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Gene Melchiorre played guard for Bradley University starting in the 1947-48 season till the 1950-51 season. Standing only 5'8 and weighing 175 lbs, but he was famous for his passing abilities and his ability to score almost at will. During his tenure, Bradley won an astounding 119 games while losing only 22. He participated in both the NIT and NCAA Tournament in 1950, in which Bradly lost to CCNY in both games. During one NIT game in 1949, Melchiorre scored an astounding 71 points, a tournament record that stands to this day.
He was named to the Missouri Valley Conference first team three times, and in his junior year made the all-NIT team. For the 1951 season, he was an Associated Press, United Press International and Colliers Magazine first team All-American and selected by the magazine, Sports Album, as one of the two best offensive players in the country . He also was a letter-winner on the Bradley baseball team, and he received a degree in business administration.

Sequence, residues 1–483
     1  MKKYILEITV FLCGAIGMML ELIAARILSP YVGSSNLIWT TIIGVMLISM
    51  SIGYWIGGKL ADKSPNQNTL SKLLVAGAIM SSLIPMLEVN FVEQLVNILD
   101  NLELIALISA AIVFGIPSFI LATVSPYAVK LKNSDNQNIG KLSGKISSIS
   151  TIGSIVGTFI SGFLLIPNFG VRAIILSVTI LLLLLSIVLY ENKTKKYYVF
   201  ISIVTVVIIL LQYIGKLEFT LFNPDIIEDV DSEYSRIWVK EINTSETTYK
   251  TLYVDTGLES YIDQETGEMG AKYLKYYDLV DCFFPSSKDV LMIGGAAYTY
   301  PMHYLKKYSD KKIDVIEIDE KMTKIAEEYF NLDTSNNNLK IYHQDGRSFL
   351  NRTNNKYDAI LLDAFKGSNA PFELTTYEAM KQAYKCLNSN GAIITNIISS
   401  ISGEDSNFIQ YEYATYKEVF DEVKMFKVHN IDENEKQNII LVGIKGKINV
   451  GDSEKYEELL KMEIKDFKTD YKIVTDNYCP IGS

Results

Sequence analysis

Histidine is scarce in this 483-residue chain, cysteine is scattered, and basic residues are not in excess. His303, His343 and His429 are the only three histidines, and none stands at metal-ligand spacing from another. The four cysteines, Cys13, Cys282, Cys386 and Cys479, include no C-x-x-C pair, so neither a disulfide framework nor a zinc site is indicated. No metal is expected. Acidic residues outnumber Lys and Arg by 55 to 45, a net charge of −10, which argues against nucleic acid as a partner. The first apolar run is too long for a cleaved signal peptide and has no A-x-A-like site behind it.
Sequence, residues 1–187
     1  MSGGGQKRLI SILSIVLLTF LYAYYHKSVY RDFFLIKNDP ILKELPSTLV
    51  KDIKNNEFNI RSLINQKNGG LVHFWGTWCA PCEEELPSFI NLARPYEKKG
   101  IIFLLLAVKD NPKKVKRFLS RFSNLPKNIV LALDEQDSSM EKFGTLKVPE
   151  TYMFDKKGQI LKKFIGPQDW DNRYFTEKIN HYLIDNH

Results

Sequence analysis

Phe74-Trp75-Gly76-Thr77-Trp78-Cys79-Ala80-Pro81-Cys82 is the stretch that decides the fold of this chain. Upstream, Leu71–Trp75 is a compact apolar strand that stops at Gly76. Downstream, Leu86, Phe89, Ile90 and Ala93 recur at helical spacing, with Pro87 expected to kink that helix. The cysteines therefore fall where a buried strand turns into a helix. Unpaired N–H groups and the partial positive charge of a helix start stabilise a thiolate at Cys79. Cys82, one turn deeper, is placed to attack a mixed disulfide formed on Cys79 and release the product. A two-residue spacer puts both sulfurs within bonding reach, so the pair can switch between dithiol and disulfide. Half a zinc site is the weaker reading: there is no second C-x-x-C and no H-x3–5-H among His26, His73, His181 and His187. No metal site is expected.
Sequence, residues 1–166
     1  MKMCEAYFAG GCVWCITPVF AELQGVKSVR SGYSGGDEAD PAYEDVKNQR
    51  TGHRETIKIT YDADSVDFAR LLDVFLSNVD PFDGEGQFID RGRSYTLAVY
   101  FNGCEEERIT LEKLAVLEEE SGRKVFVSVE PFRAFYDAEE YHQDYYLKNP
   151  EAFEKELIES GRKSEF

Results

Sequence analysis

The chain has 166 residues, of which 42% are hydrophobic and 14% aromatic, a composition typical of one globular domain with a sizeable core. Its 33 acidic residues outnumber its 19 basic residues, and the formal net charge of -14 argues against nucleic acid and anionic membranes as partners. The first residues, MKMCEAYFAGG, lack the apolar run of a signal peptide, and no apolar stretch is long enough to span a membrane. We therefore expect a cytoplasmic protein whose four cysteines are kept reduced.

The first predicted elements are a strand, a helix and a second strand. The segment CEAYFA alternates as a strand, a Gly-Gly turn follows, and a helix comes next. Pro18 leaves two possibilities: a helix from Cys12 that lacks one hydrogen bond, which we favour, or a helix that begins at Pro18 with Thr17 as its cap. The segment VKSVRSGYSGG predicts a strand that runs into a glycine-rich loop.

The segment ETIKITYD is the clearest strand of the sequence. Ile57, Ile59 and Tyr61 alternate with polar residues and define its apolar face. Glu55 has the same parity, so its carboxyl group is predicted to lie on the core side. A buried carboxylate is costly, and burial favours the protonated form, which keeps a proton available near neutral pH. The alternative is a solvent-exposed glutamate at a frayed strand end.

Point Shaving Scandal
Melchiorre was involved in a massive point shaving scandal that in 1951 which brought seven schools and 32 players from around the US to face charges on violations of the New York state penal code. On July 24, 1951, Melchiorre and four of his teammates admitted to taking bribes to hold down scores against St. Joseph's University in Philadelphia in 1951 and against Oregon State University in Chicago .
Melchiorre and two of his teammates pleaded guilty to a misdemeanor in New York. Though the players faced three years jailtime, the assistant District Attorney praised the threesome's cooperation, giving them a suspended sentence.
Upon his completion of four years at Bradley and a suspended sentence for the point shaving scandal, Melchiorre entered the 1951 NBA Draft. He was selected as the first overall pick in the draft by the Baltimore Bullets. Melchiorre would never play a minute of NBA basketball though. His involvement in the scandal banned him for life from the NBA and involvement in any NCAA honors.